Cluster API is a topic I’ve discussed here in a number of posts. If you’re not already familiar with Cluster API (also known as CAPI), I’d encourage you to check out my introductory post on Cluster API first; you can also visit the official Cluster API site for more details. In this short post, I’m going to show you how to pause the reconciliation of Cluster API cluster objects, a task that may be necessary for a variety of reasons (including backing up the Cluster API objects in your management cluster).


Technology Short Take 134

Welcome to Technology Short Take #134! I’m publishing a bit early this time due to the Thanksgiving holiday in the US. So, for all my US readers, here’s some content to peruse while enjoying some turkey (or whatever you’re having this year). For my international readers, here’s some content to peruse while enjoying dramatically lower volumes of e-mail because the US is on holiday. See, something for everyone!


Review: CPLAY2air Wireless CarPlay Adapter

In late September, I was given a CPLAY2air wireless CarPlay adapter as a gift. Neither of my vehicles support wireless CarPlay, and so I was looking forward to using the CPLAY2air device to enable the use of CarPlay without having to have my phone plugged into a cable. Here’s my feedback on the CPLAY2air device after about six weeks of use.


Resizing Windows to a Specific Size on macOS

I recently had a need (OK, maybe more a desire than a need) to set my browser window(s) on macOS to a specific size, like 1920x1080. I initially started looking at one of the many macOS window managers, but after reading lots of reviews and descriptions and still being unclear if any of these products did what I wanted, I decided to step back to using AppleScript to accomplish what I was seeking. In this post, I’ll share the solution (and the articles that helped me arrive at the solution).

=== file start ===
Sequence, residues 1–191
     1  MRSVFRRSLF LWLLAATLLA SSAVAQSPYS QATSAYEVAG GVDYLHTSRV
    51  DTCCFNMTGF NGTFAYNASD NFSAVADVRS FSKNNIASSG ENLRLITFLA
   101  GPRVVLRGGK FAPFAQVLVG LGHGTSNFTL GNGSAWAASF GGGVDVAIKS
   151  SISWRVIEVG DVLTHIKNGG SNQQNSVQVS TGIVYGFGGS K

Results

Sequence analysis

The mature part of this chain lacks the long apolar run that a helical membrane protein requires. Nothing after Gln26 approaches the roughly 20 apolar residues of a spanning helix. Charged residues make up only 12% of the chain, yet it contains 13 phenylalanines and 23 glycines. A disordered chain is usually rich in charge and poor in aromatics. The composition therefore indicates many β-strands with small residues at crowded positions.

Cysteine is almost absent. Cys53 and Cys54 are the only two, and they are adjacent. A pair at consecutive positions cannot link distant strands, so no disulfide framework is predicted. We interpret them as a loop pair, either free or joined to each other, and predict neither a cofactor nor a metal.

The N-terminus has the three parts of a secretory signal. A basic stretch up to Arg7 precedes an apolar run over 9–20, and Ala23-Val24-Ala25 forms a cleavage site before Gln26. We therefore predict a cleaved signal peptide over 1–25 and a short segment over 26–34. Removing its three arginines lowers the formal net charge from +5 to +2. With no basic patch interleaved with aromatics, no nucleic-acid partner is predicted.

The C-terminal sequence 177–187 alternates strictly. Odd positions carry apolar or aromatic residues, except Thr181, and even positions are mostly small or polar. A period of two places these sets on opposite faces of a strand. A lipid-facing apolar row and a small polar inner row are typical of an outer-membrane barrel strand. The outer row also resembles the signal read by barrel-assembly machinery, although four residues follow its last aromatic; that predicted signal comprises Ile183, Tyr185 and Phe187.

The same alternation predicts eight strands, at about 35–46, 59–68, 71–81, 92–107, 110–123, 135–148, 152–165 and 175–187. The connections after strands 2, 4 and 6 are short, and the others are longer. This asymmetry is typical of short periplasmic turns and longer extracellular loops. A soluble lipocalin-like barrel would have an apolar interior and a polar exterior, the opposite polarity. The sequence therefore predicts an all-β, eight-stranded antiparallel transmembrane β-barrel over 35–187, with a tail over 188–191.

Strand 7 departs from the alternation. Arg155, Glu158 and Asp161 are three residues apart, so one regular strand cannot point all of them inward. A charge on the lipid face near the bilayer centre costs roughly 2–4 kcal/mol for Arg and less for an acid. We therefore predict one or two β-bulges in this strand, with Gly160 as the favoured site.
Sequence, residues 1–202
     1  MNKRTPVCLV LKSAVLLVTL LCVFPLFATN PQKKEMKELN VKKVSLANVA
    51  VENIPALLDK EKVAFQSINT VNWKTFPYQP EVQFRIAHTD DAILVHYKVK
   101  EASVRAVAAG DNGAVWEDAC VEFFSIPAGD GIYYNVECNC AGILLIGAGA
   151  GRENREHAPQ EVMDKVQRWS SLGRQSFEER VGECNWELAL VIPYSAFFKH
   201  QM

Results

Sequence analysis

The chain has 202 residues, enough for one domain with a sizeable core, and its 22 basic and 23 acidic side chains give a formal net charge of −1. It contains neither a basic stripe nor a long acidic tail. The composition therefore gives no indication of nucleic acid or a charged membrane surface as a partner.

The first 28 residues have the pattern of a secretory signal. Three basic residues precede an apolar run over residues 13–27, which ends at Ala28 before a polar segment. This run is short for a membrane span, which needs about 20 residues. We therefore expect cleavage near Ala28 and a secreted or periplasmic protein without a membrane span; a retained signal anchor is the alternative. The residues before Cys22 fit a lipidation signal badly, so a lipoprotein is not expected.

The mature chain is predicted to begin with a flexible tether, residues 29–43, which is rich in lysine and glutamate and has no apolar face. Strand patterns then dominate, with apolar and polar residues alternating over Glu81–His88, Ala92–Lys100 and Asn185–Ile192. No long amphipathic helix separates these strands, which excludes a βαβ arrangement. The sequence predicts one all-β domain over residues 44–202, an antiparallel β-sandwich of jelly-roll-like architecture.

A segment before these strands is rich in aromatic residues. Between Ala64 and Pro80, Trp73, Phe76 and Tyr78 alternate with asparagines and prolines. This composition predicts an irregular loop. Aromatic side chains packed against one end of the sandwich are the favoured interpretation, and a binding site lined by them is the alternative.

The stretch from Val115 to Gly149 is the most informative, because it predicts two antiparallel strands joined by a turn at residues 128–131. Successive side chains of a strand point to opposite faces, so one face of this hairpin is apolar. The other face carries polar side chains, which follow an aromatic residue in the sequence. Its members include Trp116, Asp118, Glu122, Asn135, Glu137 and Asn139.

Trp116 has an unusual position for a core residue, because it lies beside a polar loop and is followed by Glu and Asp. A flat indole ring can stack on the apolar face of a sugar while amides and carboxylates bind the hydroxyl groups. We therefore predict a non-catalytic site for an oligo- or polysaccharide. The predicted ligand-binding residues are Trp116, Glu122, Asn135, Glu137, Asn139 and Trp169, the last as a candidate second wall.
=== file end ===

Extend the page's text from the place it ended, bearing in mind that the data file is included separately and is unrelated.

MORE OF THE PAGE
Technology Short Take 133

Welcome to Technology Short Take #133! This time around, I have a collection of links featuring the new Raspberry Pi 400, some macOS security-related articles, information on AWS Nitro Enclaves and gVisor, and a few other topics. Enjoy!


Technology Short Take 132

Welcome to Technology Short Take #132! My list of links and articles from around the web seems to be a bit heavy on security-related topics this time. Still, there’s a decent collection of networking, cloud computing, and virtualization articles as well as a smattering of other topics for you to peruse. I hope you find something useful!


Considerations for using IaC with Cluster API

In other posts on this site, I’ve talked about both infrastructure-as-code (see my posts on Terraform or my posts on Pulumi) and somewhat separately I’ve talked about Cluster API (see my posts on Cluster API). And while I’ve discussed the idea of using existing AWS infrastructure with Cluster API, in this post I wanted to try to think about how these two technologies play together, and provide some considerations for using them together.


Technology Short Take 131